Such a continual stream of luck has followed me during this travel (except for the theft of 'everything' in Prague, en route to Romania... (see "One Pair Of Underpants In Prague") that I had only just arrived in Malawi and promptly met a wonderful human, musician, recording engineer, named Goodson Gomanda. Within a week of landing here things were happening at a fast rate, which was in contrast to Romania where it took five weeks before I felt that the process was in the 'groove'.
With uncomplicated openness and childlike excitement we collaborated and created, together with musicians Mildred 'Nachi' Ligoya, Owen Hulera, Sam Katimba, birthing two of the easiest pieces of my ten months away. "Walking Together" and "Life Is Life" represent all the best aspects of collaborative music making. Everyone's ideas considered, creativity flowing and even mistakes causing discovery, and eventual improvements to an arrangement. Lyrics are written in English, transformed poetically into Chichewa, and the beautiful harmonies of the Gospel Vocal Chords singers adding to our excitement. We're dancing, laughing and enjoying this process of composition when in waltzes Waliko Makhala, bringing with him an armour of traditional instruments and even more good vibe.
Fronted by heat, dust, poverty and controlled chaos, it would have been so easy to write sad lilting songs, minor chords with reflective and philosophical moods, but I consciously decided not to. Instead I wanted to be swept along with that spirit of Malawi which all travellers take with them upon leaving. Those mental pictures of huge smiles, moments of unfounded generosity, the welcoming 'muri bwangi' hands which greet me everyday would become the themes within the music.
Concurrently with the igniting of the collaborative process in Blantyre, I travelled to Chikwawa to meet an old friend of ten years previously. Again I became enveloped by the enthusiasm of Charles Chibwana, and made several forays into remote villages in the surrounding Chikwawa district. During one of these bush bicycle rides I encountered an extraordinary valimba (marimba) band. In the next village I was surprised to meet the Lusulao Boys Band, whom I had heard play a decade before. The inspiration and ideas started to flow, a floodgate of possibilities, and so I decided to expand my collaborations to include one song with both the valimba and Lusulao groups.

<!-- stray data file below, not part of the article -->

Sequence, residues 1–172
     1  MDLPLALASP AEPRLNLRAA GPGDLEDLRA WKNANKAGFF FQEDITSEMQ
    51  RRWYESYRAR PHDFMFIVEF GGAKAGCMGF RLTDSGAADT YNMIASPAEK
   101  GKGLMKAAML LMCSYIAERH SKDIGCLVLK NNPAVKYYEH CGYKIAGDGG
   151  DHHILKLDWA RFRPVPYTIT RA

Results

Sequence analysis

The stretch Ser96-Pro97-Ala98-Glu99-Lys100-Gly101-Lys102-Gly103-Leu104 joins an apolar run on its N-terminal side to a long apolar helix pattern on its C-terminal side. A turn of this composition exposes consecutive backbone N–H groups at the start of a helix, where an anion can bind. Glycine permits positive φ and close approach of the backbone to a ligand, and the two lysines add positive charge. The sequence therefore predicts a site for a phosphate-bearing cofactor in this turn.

"Children's Dance" and "Lusulao Joys" may be two of the proudest works to accompany five new compositions from Bolivia, and six from Romania. From working with members of the Romanian National Orchestra to farmers from the furnace-like plains of Chikwawa district, seemed like stretching the spectrum of the world and its cultures. The joy and enthusiasm with which both of these unknown Malawian bands make music has been a delight within these ten months.
At every paragraph of this story, whole other memories, other complete stories, spring to mind and could be inserted as links to this central story. The visit to Fineus Village, on the Mozambiquen border, and my opportunity to experience the wondrous ngorormbe pan pipes provided me with some of life's most potent humane moments. The richness and vibrancy of these cultures, the generous nature of the people who live there, what they have shared with me, represent my overall Malawian experience, and will never be forgotten.